IDEA: Based on my ‘distractions’ document and on my meditation month challenge, I have learnt that my inner world is dominated by fear and fantasy and that both of these lead to ‘grass is greener’ style schemes for how to better my conditions. Most of my ideas are abstract, future-oriented, it’s all based on this fundamental premise that ‘things are not as they should be’ and ‘I must find a smart way to get ahead’. This type of thinking generally seems counterproductive and rarely if ever manifests itself in practical action. In fact, it often distracts me from my daily responsibilities which leads to less attainment in every area (including leisure, creative, explorative stuff and work). To some degree, this may be learnt behaviour as my dad also does this a lot. This behaviour is partially driven by inspiration and a high need for cognition in low-stimulation environments, so it’s hard to separate the value from the waste and misery it causes. This style of thinking MAY have genuinely helped me better my life, but of that, I am not sure, since the best ideas seem to come effortlessly often while doing more focused work rather than through idle reflections, in which case there is no added value to sacrificing lots of time and energy for scheming. I have already made a commitment to quitting this style of thinking, but didn’t really address the root cause of this style of thinking which is basically egotistic ambition (ambitions which are not related to the self in some way are more detached from emotion because the outcome of them is not related to your identity, this paradoxically makes less ego-bound endeavours easier to engage with consistently, with perspective and balanced energy, which then leads to success). In other words, selfish ambition, ego-over-extension, is possibly the cause of much unhappiness in my life and holds me back from attainment.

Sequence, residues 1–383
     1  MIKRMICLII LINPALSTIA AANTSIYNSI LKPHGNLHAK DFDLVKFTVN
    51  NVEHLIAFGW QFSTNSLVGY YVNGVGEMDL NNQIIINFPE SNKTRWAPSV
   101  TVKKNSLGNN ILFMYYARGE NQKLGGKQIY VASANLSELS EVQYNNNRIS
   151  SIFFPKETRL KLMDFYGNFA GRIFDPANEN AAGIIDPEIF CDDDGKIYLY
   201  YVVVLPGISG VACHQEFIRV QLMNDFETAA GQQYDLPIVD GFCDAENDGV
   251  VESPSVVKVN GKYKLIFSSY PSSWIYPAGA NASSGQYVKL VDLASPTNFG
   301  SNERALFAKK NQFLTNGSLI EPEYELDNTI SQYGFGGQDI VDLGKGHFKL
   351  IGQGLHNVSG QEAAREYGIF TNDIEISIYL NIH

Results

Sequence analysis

Q: What would happen if I lost my egotistic ambition?
My hypothesis, which I’d like to test for a week, is that it would make me far happier and free up my attention and energy for projects, the people in my life, new experiences and my responsibilities. In other words, by desiring these things less, I might actually be present enough to engage with what matters properly. What would be the long term affect of that? A far better shot at happiness, responsibility and ironically, the self-realisation and achievement I wanted all along.
What if to a significant degree, life comes your way and it’s better to take things as they come than try to impose your will on your life and the world? YES – that’s it. One of the characteristics of ego-ambition is that it wants to control outcomes because it makes my happiness outcome-dependent. The strange effect of this seems to be that in a desire to control outcomes to shield and gratify the ego, emotions become aroused that make it harder to attain favourable outcomes.
For instance, when I quit school, I imagined my future self reading books, being fully engaged with them and then applying those ideas directly to a business I was growing. What actually happened is that I felt an overwhelming sense that I needed to prove myself – to myself more than to others – and this made all activities, both work and leisure, unenjoyable.
Basically, egotistic ambition can make you less engaged with the present, which in turn can mean you don’t move towards a favourable future or enjoy your life. So, you double-lose.